Fig. 2
figure2

Schema portraying results of the literature search and selection for inclusion

The majority of telemedicine service implementations reported in the literature were from the United States of America (46%), followed by Australia (17%), Asia (10%), Europe (8%) and the rest from South America, Canada and Africa (6% each). Most studies were based on real-time telemedicine, such as videoconferencing (VC) systems (54%). Others delivered services through a mix of VC and store-and-forward (S&F) systems (17%), VC and remote monitoring (RM) (8%) and VC and phone (1 study). While the rest used RM only (4%), S&F delivery only (13%) and phone only (1 study). The selected articles identified in this review reported on a range of specialist services, with 12 studies focusing specifically on mental health services (e.g., psychiatric and neurological services), while other articles focused on primary care, palliative care, surgical care, intensive care, nephrology, pathology, pediatrics, dermatology and geriatric care services. Table 2 shows a summary of study characteristics.

The most CM practices mentioned in a single study was 13/16 [55]; two studies included 12/16 CM practices [37, 65]; seven studies reported between 10 and 11 practices, 15 studies mentioned six to nine practices; while the remaining studies (N = 23) reported one to five practices used to implement change (see Table 2).

Of the 48 studies included in this review, 32 (84%) articles reported successful outcomes, suggesting that telemedicine services were successful and ongoing during the time of the study and/or services had since expanded to other regions or sites. Five studies (13%) did not report on success or whether trials progressed past the pilot stage or evolved to an ongoing service. Only two studies in this review reported a non-successful outcome due to poor uptake of services and a depletion of funding, resulting in declined use by both clinicians and patients [65, 73] (see Table 2).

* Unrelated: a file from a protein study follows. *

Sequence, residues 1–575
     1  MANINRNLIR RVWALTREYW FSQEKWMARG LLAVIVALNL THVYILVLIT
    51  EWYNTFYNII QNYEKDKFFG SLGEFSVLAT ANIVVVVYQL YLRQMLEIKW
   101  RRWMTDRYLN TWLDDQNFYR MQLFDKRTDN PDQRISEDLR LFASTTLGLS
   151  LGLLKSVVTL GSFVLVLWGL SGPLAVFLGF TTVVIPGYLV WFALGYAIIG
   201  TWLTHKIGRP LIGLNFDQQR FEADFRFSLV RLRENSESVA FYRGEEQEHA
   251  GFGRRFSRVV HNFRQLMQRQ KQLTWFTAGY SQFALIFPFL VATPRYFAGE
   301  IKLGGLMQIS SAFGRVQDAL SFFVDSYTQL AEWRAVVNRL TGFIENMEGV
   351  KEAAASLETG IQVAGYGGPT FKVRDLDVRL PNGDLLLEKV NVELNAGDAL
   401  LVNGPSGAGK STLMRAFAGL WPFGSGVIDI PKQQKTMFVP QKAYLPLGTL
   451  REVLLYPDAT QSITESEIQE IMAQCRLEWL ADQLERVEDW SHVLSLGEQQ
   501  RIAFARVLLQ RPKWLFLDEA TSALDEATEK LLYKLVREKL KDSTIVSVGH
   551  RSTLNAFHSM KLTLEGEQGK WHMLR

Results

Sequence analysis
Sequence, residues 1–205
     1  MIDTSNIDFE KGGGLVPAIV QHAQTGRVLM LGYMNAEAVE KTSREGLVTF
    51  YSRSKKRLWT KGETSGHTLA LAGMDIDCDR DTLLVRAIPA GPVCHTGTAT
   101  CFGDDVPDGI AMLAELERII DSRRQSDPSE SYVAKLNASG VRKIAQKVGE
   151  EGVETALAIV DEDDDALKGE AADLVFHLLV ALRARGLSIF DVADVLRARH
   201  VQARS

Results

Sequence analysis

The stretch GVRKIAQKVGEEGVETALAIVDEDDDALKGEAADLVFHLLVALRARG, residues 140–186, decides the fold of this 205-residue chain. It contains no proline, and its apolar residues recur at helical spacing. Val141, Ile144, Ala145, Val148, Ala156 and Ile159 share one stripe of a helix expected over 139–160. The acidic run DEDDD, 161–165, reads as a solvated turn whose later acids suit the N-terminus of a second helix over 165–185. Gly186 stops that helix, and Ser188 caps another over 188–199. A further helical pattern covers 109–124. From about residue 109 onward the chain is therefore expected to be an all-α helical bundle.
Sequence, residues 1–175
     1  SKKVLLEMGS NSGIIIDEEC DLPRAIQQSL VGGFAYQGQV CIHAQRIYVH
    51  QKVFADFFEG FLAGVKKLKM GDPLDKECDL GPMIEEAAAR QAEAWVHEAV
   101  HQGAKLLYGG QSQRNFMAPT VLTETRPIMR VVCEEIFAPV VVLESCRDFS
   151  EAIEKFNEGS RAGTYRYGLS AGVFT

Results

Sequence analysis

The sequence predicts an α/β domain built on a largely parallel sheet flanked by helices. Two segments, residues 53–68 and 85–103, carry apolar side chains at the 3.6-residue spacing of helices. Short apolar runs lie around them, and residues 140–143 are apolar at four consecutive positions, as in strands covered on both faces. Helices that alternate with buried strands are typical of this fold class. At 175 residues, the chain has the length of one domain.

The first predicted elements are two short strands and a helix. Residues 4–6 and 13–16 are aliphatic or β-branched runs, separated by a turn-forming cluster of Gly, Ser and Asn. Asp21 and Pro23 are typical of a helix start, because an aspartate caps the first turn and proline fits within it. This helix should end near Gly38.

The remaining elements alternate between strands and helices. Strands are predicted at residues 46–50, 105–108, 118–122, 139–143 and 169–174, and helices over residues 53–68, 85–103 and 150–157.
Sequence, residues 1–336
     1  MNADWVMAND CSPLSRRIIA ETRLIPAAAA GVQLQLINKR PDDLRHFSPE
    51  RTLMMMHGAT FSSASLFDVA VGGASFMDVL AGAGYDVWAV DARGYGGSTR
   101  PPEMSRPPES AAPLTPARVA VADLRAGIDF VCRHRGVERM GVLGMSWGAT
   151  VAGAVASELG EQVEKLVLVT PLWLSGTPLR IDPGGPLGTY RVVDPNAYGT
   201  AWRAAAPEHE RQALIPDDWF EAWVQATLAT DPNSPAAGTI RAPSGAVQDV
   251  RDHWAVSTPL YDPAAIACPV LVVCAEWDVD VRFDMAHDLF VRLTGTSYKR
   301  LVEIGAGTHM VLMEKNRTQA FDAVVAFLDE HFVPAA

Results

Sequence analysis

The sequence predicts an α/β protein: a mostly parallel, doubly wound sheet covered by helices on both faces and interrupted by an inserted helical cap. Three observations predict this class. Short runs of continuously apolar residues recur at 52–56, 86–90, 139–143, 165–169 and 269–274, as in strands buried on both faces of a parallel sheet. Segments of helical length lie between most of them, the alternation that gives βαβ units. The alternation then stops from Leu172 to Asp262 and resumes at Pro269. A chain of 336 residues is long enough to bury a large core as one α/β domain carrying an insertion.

Change management practices identified in review

Phase 1. Preparing for change – strategic practices

Our review identified five strategic practices that are important during the preparatory phase of the change process. These practices centred on selecting and supporting a guiding change coalition and formulating a clear compelling vision.

Establish plans

Fourteen of 48 studies reported on the importance of planning for the establishment of telemedicine services. Strategic planning involved the collaboration of a number of key stakeholders (i.e., clinicians, nursing staff, management, technical staff, implementers) through regular ongoing meetings [64]. Provider (e.g., clinicians and nurses) participation in the planning and design of the system was a major contributor to successful implementation, partly because it facilitated ownership of the program during the planning stage [59].

Gain leadership and management support and commitment